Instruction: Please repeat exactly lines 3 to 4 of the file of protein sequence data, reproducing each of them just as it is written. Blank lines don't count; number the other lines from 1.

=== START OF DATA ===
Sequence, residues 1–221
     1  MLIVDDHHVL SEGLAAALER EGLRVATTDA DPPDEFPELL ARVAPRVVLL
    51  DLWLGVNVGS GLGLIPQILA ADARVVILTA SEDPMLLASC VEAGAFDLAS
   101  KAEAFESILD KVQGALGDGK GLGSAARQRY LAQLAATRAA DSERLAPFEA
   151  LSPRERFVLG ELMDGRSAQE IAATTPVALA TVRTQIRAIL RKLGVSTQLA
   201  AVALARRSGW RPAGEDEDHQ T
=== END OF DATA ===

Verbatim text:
    51  DLWLGVNVGS GLGLIPQILA ADARVVILTA SEDPMLLASC VEAGAFDLAS
   101  KAEAFESILD KVQGALGDGK GLGSAARQRY LAQLAATRAA DSERLAPFEA